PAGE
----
Yesterday, Wednesday, June 4th, Walmart employees and supporters including the Organization United for Respect at Walmart (OURWalmart) and the United Food and Commercial Workers (UFCW) went on strike outside of Walmart stores across the country. Their actions were unfair labor practice strikes responding to Walmart’s alleged retaliation against protesting and striking workers over the last two years. The workers’ additional grievances included the quality of wages, benefits, and treatment (which Scott Hochberg covered in detail for On Labor last November). A group calling itself “Walmart Moms,” which is comprised of female associates struggling to afford basic necessities on their retail salaries, showed up in force. OURWalmart planned these nationwide strikes to coincide with Walmart’s annual shareholders’ meeting, which will take place tomorrow, Friday, June 6th in Fayetteville, AK.
The strikes spanned the nation, with actions in Tampa, Chicago, Minneapolis, Baton Rouge, Miami, Los Angeles, Milwaukee, San Francisco, Dayton and Cincinnati. The actions were not limited to Walmart stores. On Tuesday morning, picketers gathered near Walmart Board Chairman Robert Walton’s home in Paradise Valley, Arizona to protest the company’s polices. In New York City, which has no Walmart stores, over half of the City Council signed on to a letter demanding that Walmart cease making charitable contributions to New York organizations, accusing them of using the funds as a ploy to get a foothold in the NYC market. The retail giant also pushed back. In Texas, Walmart successfully applied for a temporary restraining order to prevent the UFCW, OURWalmart, North Texas Jobs with Justice, and their affiliates from gathering outside their stores.
Throughout the country, one subgroup of strikers, Walmart Moms, sought to highlight the difficulties of women working at the big-box chain. Their strikes coincided with the release of a report by Demos, a left-leaning think tank, detailing poverty wages in the retail industry. Entitled Retail’s Choice: How Raising Wages and Improving Schedules for Women in the Retail Industry Would Benefit America, the report found that 1.3 million women working in retail live within 150 percent of the poverty line and that the pay gap between men and women in retail costs women $40.8 billion annually. Walmart Moms have relied on the report’s finding to ask for a minimum wage floor of at least $25,000 a year, as well as demanding that Walmart create full-time jobs so mothers do not need to rely on food stamps and Medicaid, and that the retailer cease to retaliate against organizing workers. Among others, they highlighted the plight of Tiffany Beroid, a worker who says she was fired for participating in Black Friday strikes last year.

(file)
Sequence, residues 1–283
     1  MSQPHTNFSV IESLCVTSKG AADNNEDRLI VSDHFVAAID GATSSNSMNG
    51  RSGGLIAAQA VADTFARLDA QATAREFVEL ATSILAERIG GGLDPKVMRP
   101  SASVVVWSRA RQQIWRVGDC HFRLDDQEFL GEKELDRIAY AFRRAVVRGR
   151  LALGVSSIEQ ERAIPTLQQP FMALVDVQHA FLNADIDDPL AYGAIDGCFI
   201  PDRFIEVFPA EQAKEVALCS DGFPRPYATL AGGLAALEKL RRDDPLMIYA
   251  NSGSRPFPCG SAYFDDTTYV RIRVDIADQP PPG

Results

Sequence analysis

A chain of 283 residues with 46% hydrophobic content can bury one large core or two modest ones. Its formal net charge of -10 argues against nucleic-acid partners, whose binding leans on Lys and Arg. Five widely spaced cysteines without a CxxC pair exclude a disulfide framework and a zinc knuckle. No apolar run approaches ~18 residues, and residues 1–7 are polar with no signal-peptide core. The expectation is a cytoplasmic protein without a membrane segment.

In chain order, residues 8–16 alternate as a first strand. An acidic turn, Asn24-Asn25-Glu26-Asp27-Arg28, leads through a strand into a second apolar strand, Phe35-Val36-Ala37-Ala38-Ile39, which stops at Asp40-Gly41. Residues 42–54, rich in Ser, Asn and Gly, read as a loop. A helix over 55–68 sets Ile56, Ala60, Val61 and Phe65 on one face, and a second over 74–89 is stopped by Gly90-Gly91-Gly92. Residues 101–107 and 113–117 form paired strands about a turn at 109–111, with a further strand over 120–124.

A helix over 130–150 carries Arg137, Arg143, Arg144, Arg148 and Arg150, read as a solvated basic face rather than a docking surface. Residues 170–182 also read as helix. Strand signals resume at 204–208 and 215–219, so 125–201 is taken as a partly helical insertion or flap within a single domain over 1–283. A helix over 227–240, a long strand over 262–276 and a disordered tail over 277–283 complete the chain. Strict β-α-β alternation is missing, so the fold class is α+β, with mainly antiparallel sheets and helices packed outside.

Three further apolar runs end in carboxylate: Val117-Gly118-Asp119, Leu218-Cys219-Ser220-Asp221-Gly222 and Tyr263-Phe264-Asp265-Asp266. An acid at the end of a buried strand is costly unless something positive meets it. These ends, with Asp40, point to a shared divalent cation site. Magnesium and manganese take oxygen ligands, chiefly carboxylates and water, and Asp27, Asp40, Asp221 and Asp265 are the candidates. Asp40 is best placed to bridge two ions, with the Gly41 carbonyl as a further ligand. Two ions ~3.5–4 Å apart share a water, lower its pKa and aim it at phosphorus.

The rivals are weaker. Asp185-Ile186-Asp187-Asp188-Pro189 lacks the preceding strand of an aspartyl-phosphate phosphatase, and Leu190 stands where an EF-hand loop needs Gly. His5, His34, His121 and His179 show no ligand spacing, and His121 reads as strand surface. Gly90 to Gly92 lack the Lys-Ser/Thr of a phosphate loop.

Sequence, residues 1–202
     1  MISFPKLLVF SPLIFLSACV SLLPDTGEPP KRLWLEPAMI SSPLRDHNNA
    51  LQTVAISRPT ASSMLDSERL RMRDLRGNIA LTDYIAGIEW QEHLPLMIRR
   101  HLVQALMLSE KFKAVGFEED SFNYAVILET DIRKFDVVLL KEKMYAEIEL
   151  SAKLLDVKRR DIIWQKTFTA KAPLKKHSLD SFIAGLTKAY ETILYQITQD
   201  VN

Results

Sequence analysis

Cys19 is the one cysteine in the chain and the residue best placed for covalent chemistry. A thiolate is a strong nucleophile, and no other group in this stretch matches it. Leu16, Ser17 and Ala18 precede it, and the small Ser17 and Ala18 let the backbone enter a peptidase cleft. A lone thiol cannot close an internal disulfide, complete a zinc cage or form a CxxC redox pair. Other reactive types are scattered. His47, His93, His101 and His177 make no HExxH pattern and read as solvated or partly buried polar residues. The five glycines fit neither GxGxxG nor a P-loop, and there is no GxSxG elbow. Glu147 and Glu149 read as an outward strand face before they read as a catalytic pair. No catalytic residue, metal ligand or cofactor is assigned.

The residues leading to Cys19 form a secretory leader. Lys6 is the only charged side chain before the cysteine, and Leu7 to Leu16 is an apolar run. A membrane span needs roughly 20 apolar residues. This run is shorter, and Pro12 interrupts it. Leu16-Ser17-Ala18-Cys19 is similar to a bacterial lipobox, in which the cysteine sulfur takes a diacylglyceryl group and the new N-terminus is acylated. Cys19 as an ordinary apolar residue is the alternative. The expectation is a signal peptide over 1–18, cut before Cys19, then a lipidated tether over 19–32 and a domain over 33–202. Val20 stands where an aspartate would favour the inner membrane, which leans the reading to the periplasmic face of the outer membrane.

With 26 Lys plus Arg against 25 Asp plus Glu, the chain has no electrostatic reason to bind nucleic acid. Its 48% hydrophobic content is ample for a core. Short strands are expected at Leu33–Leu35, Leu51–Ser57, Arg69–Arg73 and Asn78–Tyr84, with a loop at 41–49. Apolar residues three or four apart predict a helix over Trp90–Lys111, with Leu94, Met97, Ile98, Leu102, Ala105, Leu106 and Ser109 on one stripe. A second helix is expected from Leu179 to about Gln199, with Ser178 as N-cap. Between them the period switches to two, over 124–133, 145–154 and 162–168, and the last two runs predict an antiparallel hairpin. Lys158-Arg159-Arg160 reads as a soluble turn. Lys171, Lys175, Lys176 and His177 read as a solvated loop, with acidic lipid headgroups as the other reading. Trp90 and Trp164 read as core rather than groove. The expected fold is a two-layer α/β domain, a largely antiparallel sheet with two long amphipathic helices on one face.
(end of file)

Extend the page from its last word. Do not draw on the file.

Unfair Labor Practice Charges
The employees are striking in response to unfair labor practices allegedly committed by Walmart. In November 2013, the NLRB announced that it planned to take action against the retailer for alleged unfair labor practices by the company against employees who protested or planned to protest the company on Black Friday (covered by Nikolas Bowie here). On January 15, 2014, the NLRB issued a consolidated complaint against Walmart alleging that they engaged in threats of reprisal against employees for strikes and protests, that they unlawfully disciplined and terminated employees in reprisal for engaging in strikes and protests, and that they terminated others in anticipation of strikes and protests in fourteen states. The day before, Occupy Wall Street released Walmart training materials that explained how managers could observe and report potential union organizing activities. This week’s strikes also coincided with the first of the hearings related to the NLRB’s claims.
Annual Shareholders’ Meeting
The actions also come in advance of a potentially contentious shareholders’ meeting. In an open letter, OURWalmart called on shareholders to vote out director Robert Walton and to develop an independent chairman policy. The letter highlights Walmart’s 2012 bribery scandal and alleged violations of the U.S. Foreign Corrupt Practices Act, as grounds for the policy shift. The New York Times published an article yesterday detailing Walmart’s attempts to remove management connected to the scandal and reform internal processes to prevent future violations. This Time’s piece follows the Wall Street Journal’s revelation that Institutional Shareholder Services Inc., which advises large shareholders on how to vote on the corporate ballots, has advised Walmart shareholders to install a more independent board in the wake of the controversy.
In commentary, former Secretary of Labor Robert Reich has compared student involvement in the Walmart organizing with the 1964 Mississippi Freedom Summer, calling it Freedom Summer II. William Spriggs, Chief Economist with AFL-CIO made the case in Forbes that raising retail wages is good for the American economy. Meanwhile, various Walmart spokespersons have sought to downplay Walmart’s employees’ involvement with the strikes. They use similar language to the Center for Union Facts and the U.S. Chamber of Commerce, which have alleged that organizations like OURWalmart are union fronts that do not enjoy popular support among employees.
Trending hashtags include #WalmartStrikers, #WalmartMoms, and #WalmartEconomy.
In addition, there will be a live webcast of Walmart’s Shareholders’ Meeting this Friday, June 6th starting at 8:00am EST.